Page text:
Tagpresentation

Get out of Googleville: my presentation on web mapping

On February 5, 2013, I gave a very short presentation to the Chicago GIS Network Meetup group about alternatives to Google when it comes to mapping on the web. I created the presentation and outline a couple hours before giving it and came up with this slideshow with three frames.

Google Maps and its data is a one-way street (or many one-way streets). Google will take data but won’t give it back.

Google Maps has all of these features, but they’re easier to manipulate when you use an alternative. Alternatives like: MapBox, TileMill, OpenLayers, OpenStreetMap (made easy with JOSM), GeoCommons – I’m sure there are plenty more.

OpenStreetMap is the Wikipedia of online mapping and geographic data. Considering switching to OSM.

Be specific. Be, be specific.

Update September 5, 2011: I gave a short speech to Moving Design participants about language and word choice, a kind of follow up to this article, as a “policy insight of the day.”

When speaking or presenting, be as specific as possible. The following are examples specific to the course of transportation discussions.

“Car traffic banned from this road.” Are you also banning trucks and SUVs?

“Vehicles will be rerouted.” Does this include those riding bicycles? Here’s an example of a current detour that only mentions cars, buses, and trucks. Which route should someone riding a bicycle take? Sometimes state and local laws will classify a bicycle as a vehicle, but then exclude it in specific passages – it’s weird. Better just call out specific vehicles, be they of the motorized or human-powered variety.

“Cars are aggressive to bikes.” Cars and bikes don’t operate themselves.

“We plan to narrow the road to calm traffic.” Are you going to narrow the road, or narrow certain lanes and reassign portions of the road to different uses, like a protected bike lane, or wider sidewalk? Then give the measurement of lanes, the sidewalk, and the curb face-to-curb face width. Consider that “street” is not a synonym for “road.” Road often represents what’s between the curbs, and the pavement, while street includes the road as well as the sidewalk. Street is a bit more abstract as well, sometimes meaning the activity that occurs on or around roads (like “street life”).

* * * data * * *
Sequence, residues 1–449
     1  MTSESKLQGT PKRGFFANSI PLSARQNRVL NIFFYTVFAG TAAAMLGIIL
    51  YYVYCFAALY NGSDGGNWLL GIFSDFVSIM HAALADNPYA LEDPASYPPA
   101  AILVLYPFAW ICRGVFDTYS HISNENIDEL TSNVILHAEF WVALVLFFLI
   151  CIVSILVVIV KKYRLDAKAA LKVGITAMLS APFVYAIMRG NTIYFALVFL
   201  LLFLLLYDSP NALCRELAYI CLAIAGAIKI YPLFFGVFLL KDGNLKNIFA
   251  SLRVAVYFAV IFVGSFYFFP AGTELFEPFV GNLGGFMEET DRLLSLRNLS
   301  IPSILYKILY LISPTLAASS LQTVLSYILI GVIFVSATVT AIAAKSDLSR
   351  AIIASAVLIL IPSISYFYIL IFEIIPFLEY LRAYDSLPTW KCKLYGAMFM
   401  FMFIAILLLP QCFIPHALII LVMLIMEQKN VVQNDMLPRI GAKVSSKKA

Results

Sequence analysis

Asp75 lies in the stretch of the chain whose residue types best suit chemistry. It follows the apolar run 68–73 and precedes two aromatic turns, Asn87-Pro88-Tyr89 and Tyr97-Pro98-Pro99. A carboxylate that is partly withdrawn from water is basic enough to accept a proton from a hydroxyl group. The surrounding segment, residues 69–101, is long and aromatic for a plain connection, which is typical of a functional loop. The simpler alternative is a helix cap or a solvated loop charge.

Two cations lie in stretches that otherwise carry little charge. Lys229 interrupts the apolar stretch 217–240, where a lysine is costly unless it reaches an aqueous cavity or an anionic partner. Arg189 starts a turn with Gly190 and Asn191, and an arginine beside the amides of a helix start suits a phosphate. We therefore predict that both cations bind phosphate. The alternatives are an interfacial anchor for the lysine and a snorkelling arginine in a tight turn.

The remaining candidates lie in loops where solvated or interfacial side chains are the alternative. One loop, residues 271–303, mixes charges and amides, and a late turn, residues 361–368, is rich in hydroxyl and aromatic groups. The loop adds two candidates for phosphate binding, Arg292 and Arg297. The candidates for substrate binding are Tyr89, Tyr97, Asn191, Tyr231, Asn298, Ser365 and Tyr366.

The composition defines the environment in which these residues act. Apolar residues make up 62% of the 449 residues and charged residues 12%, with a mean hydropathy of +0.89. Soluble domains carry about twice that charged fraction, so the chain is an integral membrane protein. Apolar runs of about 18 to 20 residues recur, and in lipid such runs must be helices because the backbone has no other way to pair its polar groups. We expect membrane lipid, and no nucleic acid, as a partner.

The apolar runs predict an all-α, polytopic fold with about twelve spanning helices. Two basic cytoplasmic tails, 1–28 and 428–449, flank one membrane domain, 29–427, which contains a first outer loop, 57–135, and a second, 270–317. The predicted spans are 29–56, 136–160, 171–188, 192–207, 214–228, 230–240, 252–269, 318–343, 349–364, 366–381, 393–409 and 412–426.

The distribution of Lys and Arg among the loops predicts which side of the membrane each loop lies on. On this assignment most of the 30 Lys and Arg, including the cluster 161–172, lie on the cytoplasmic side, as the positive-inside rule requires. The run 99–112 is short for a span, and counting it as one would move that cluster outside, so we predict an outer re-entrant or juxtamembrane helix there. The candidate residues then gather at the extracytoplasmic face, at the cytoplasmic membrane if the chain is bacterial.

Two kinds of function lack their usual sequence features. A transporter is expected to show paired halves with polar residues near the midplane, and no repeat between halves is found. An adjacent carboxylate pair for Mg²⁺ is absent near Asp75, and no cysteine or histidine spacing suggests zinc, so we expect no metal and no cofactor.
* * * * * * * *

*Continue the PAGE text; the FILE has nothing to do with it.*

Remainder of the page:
“Ignorant drivers…” Or do they lack specific education and relevant information?

This bikeway in Bremen, Germany, uses both color and pavement design to delineate space for people bicycling (like me) and people walking.

More on Cities and Bicycles Forum with David Byrne

I want to add more about the Cities and Bicycles Forum from Friday, June 18, 2010, with David Byrne and three Chicago-based speakers.

Randy sent me his presentation’s script and PowerPoint files (download the 4 MB PDF version). So you can either watch the video of him announcing 10 (really 9) ideas for Chicago and bikes, or you can read it.

David Byrne, Luann Hamilton, Jacky Grimshaw, and Randy Neufeld during the question and answer period.

Additionally, I want to link to Brian’s take on the event. Brian Morrissey is not a “bike insider” (I’m probably such a person), although he reverse commutes to the suburbs on his bike, races for xXx Racing-Athletico, and writes about it. Afterwards, check out John Greenfield’s article on New City for a summary of all four presentations.

Demonstrating off-street (on-sidewalk) bike parking in Chicago.

Randy Neufeld’s 10 ideas for bicycling in Chicago

UPDATE: Download the presentation as a PowerPoint or PDF.

This past weekend, David Byrne visited Chicago to speak alongside Luann Hamilton, Jacky Grimshaw, and Randy Neufeld. Randy Neufeld served as the Executive Director of the Chicagoland Bicycle Federation, now the Active Transportation Alliance. He is now a board member of Active Trans and the director of the SRAM Cycling Fund.